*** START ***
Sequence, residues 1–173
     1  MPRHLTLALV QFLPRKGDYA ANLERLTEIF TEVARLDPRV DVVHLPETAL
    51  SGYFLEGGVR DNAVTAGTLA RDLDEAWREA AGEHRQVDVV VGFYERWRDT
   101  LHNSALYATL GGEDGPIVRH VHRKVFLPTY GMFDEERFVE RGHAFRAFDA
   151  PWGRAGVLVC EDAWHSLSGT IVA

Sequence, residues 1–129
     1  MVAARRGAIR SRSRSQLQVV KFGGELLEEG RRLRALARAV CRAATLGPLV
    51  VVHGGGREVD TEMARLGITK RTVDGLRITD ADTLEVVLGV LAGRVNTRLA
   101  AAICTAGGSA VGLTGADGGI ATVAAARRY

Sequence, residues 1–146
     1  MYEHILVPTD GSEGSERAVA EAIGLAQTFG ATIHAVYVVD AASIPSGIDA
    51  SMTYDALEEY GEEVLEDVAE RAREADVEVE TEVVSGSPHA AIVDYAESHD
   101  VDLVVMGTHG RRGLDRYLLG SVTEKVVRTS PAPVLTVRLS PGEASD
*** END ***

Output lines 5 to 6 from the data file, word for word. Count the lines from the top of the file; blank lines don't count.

   151  PWGRAGVLVC EDAWHSLSGT IVA

Sequence, residues 1–129